Montana State University is launching a program to engage students through research as part of its efforts to help students stay in school.
The university has designated funds for FYRE, the First Year Research Experience. The program is designed to introduce first-year students to undergraduate research, according to Colin Shaw, MSU assistant research professor of Earth sciences and director of the Undergraduate Scholars Program, which is developing the new initiative.
“There is evidence that early engagement in research increases the likelihood that students will stay in school during the critical early years,” Shaw said. “This is accomplished by involving students in the research mission of the university, providing a sense of connection to faculty and peers, and demonstrating the real-world relevance of academic pursuits.”
As part of FYRE, students will complete a one-credit course that introduces basic research skills as well as the research culture at MSU. Students will also work as a laboratory or research assistant and receive mentoring, and they will participate in a semi-weekly seminar focused on research concepts and skills.
Shaw noted that a pilot group of six students began the program in the fall.
Oscar Machado, a first-year student from Tehachapi, Calif., participated in FYRE this fall. He said the program gives first-year students an advantage, and he would recommend it to others.
“I got to learn a lot of cool new things this semester,” he said. “I’ve been trained to work with a scanning electron microscope – you can view everyday objects in a totally different way. This research program is giving me an edge — it's great experience."
Machado, who would like to become a neuroscientist, is majoring in cell biology and neuroscience. He intends to continue to be involved in research at MSU and looks forward to being placed in a lab.
FYRE is designed to build on MSU’s strength as a leader in undergraduate research, according to MSU Provost and Executive Vice President Martha Potvin.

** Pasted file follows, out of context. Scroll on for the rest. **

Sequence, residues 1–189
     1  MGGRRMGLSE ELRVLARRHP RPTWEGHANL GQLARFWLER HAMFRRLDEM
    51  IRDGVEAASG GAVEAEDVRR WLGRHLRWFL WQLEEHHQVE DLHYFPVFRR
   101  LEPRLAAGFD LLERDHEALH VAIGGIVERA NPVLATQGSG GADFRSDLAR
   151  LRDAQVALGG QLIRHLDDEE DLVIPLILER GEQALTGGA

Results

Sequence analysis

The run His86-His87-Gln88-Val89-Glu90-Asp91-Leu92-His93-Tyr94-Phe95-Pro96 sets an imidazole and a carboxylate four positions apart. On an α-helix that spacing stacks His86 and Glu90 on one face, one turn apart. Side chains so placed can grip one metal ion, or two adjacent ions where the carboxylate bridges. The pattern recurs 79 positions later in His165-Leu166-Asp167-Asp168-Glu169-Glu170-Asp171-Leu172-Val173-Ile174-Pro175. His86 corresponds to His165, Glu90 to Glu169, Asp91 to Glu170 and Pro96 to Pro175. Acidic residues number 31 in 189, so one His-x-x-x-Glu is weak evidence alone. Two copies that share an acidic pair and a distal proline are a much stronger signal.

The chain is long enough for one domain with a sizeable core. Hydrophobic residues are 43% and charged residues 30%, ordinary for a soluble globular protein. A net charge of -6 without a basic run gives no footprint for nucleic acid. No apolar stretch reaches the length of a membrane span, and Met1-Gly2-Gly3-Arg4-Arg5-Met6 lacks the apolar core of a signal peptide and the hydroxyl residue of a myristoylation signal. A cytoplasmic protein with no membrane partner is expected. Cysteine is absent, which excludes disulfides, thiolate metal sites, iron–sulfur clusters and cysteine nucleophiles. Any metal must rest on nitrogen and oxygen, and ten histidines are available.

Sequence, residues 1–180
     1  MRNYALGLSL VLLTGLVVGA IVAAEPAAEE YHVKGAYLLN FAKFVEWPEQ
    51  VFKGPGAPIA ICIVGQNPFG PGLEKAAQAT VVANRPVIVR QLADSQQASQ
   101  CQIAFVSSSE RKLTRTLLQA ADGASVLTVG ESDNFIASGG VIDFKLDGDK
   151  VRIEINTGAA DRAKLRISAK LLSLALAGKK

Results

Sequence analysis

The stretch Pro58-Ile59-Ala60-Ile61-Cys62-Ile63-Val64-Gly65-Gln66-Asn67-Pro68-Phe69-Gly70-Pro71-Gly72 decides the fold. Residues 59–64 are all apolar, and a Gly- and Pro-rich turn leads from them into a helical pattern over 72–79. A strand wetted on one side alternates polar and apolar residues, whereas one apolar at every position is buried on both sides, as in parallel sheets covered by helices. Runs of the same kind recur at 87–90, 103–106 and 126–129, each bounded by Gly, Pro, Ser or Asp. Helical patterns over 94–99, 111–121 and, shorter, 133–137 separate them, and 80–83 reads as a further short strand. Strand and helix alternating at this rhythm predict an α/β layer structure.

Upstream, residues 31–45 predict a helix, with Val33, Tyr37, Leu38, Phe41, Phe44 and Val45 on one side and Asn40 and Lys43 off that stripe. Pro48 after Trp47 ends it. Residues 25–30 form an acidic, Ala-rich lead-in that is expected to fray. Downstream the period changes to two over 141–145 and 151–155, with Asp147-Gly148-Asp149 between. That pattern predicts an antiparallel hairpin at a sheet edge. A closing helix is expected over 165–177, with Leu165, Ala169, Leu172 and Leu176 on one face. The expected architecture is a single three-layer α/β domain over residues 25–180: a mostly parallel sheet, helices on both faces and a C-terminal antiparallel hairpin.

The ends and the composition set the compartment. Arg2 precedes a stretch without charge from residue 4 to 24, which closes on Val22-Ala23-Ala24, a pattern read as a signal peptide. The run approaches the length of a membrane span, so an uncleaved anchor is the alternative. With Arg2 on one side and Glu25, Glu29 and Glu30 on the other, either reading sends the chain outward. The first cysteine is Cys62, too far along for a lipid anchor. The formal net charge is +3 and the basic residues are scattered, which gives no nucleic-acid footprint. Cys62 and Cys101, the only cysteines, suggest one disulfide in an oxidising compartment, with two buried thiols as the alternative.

“MSU has been very successful in promoting undergraduate research for upper division students, with the university’s Undergraduate Scholars Program nearly quadrupling in size since 2005,” Potvin said. “By leveraging the infrastructure and expertise of this thriving program, we intend to reach more students who could benefit from a research experience.”
FYRE has the potential to transform the academic experience and goals of many students, Shaw said.
“This program is intended to reach promising students early in their academic careers to help them take the first steps on a pathway to continued research engagement and academic success.”
FYRE is one of 51 programs in which the university invested one-time funding to increase the number of students who stay in school and graduate. Last academic year, MSU registered strong gains under performance funding criteria approved by the Montana Board of Regents in 2013. MSU’s success in retaining first-year undergraduates and increasing the number of undergraduate degrees awarded resulted in MSU receiving roughly $2.3 million in one-time funding.
Students who are interested in participating in FYRE are invited to contact Shaw at (406) 994-6760 or firstname.lastname@example.org.
Contact: Colin Shaw, (406) 994-6760 or email@example.com